Two Alberta girls are safe and their mother has been arrested after an Amber Alert issued Wednesday morning garnered public tips that helped police locate the trio in British Columbia's Fraser Canyon.
By evening, RCMP said six-year-old Taya Meisel and her 12-year-old sister, Talisha, were located in Boston Bar, B.C., about 215 northeast of Vancouver.
Their mother, 48-year-old Trina Meisel, who does not have legal guardianship, faces two counts of abduction.
Acting on information from the public, police said they located the three and took them into custody without trouble.
"The two girls are OK and investigators are working with the Ministry of Children and Family Development with respect to their care," B.C. RCMP Sergeant Rob Vermeulen said in a news release.
The alert was cancelled just hours after police in Alberta warned that their investigation led them to believe the girls could be in grave danger.
Mounties first issued a warning Monday after the girls were discovered missing just before 11 a.m. MST. An arrest warrant was then issued on Tuesday in connection with what was believed to be a parental abduction.
On Wednesday morning, police heightened the search to an Amber Alert after a "confirmed sighting" they said occurred Monday at 1 p.m. PST in the border town of Golden, B.C.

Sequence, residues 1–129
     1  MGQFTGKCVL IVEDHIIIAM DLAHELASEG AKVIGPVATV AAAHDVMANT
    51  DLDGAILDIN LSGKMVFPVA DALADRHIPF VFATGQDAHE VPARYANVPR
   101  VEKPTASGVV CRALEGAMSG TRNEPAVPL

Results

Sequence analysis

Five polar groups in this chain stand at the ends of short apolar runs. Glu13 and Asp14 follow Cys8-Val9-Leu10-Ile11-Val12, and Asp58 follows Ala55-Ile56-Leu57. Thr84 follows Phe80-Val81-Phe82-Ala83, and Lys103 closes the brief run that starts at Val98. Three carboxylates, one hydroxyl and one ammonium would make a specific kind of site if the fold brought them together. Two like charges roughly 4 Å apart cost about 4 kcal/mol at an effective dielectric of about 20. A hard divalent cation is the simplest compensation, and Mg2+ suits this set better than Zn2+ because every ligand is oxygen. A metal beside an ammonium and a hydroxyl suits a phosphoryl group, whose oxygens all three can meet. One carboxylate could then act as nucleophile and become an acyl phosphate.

RCMP Inspector Gibson Glavin, a senior officer in southern Alberta, said later in the day that the scenario hadn't met all criteria required to activate the Amber Alert for two days.
"We did not have one of the four criteria, which was belief that the children were at risk of serious bodily harm or death," he said at a news conference not long before the group was located.
"What changed was [Wednesday] morning, information came to the investigator's attention that caused him to believe the children could be at risk of serious bodily harm or death."
At the time he did not elaborate.
Police began investigating after the girls disappeared from their elementary school in Brandt, near Vulcan, Alta., south of Calgary.
It was believed they sneaked out of school to join their mother, who is the non-custodial parent.
Police issued a plea for Ms. Meisel to come forward, when she was believed to be travelling across B.C., possibly toward the Lower Mainland or Vancouver Island.
RCMP Insp. Tony Hamori, officer in charge of major crimes in southern Alberta, said police in Alberta had been communicating extensively with all police forces in Western Canada since the investigation began.
The RCMP detachment in Ladysmith, on the southeast coast of Vancouver Island, was first advised the family could be headed west on Tuesday based on information posted on Facebook.